Brunswick not exempt from New England opiate epidemic

April 20th, 2014 by admin Leave a reply »

They are among Brunswick’s stay-at-home moms, its career criminals, its 50-year-old businessmen—even its high school students—and they all have at least one thing in common. They are Brunswick’s heroin and prescription opiate addicts.

The opiate addiction epidemic has gained national attention in the past year as the number of fatal heroin overdoses has skyrocketed, particularly in New England. In January, Governor Peter Shumlin of Vermont dedicated his entire State of the State address to the problem. In March, Governor Deval Patrick of Massachusetts declared opiate abuse a public health emergency.
In his own State of the State speech in January, Maine Governor Paul LePage called drug use a “troubling epidemic,” and said that 927 babies in the state—more than 7 percent of all newborns—were born addicts in 2013. 

LePage had been hesitant to approve the distribution of nalaxone—an overdose reversal drug—fearing that it would give addicts a false sense of security. Last week, after intense criticism from lawmakers, health professionals and the media, LePage finally approved a bill that allows family members of addicts to receive the potentially life-saving drug.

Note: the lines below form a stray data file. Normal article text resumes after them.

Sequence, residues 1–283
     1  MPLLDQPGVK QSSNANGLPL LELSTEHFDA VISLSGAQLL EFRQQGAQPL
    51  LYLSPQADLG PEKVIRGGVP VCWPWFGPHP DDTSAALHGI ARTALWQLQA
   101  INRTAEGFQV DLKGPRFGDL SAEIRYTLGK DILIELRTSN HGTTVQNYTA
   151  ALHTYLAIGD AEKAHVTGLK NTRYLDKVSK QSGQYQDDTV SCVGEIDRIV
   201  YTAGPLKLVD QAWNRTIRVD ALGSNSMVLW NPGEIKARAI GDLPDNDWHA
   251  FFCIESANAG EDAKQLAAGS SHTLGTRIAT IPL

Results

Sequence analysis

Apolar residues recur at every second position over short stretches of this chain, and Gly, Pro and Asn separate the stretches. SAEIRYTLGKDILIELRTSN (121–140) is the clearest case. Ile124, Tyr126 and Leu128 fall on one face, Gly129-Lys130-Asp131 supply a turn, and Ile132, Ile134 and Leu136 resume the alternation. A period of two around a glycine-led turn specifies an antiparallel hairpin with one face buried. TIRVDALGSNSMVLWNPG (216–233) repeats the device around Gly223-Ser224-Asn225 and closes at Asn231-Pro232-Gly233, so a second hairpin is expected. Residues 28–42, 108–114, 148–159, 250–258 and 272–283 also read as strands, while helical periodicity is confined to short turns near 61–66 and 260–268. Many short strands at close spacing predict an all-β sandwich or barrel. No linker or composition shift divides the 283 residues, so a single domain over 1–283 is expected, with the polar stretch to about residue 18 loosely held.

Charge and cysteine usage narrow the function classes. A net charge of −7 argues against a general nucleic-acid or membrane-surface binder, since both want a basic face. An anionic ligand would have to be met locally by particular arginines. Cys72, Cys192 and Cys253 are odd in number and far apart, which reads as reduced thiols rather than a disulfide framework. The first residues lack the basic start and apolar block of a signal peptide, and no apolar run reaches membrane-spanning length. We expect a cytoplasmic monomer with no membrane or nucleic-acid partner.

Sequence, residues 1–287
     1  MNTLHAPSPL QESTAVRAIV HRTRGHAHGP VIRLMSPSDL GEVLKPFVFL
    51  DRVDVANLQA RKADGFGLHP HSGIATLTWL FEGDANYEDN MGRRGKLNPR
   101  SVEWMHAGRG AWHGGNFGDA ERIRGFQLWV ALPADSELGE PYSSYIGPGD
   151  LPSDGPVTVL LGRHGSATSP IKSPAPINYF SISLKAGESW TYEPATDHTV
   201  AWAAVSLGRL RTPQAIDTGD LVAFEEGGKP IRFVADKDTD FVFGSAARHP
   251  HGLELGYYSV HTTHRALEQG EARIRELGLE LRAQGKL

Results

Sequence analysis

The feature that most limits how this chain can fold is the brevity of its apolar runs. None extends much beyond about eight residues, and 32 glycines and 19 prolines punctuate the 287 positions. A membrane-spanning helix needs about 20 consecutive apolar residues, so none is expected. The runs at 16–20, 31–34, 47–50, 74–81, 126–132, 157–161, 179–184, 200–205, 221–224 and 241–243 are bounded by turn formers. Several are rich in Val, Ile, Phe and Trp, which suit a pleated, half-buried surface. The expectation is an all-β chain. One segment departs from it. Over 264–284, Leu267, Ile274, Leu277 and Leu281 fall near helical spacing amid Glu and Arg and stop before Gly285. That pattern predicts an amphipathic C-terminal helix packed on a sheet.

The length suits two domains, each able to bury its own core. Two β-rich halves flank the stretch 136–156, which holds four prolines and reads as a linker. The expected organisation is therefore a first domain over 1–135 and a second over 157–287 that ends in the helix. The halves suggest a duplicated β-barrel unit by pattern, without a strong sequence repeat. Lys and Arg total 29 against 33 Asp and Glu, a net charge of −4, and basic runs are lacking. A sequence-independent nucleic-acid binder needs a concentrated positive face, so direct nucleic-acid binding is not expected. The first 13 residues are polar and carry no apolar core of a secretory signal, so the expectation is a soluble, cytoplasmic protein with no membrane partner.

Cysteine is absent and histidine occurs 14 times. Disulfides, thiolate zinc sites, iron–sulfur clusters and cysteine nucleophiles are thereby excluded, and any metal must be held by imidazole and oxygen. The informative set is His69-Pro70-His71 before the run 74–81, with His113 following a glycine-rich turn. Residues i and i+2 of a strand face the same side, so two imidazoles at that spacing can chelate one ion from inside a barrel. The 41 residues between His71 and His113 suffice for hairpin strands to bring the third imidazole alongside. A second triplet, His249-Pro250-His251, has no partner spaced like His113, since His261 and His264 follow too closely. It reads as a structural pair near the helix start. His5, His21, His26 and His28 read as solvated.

Everyone the Orient interviewed for this article—a substance abuse counselor, the director of the outpatient behavioral health at Mid Coast Hospital, Brunswick police officers, a defense attorney, and a psychologist—said that Maine’s opiate problem is not unique to certain cities, ethnicities, ages, or socioeconomic levels. Addiction exists everywhere, Brunswick included.


The most common path to heroin addiction begins with medicinal or recreational use of prescription painkillers like Vicodin, OxyContin and Percocet. These powerful drugs

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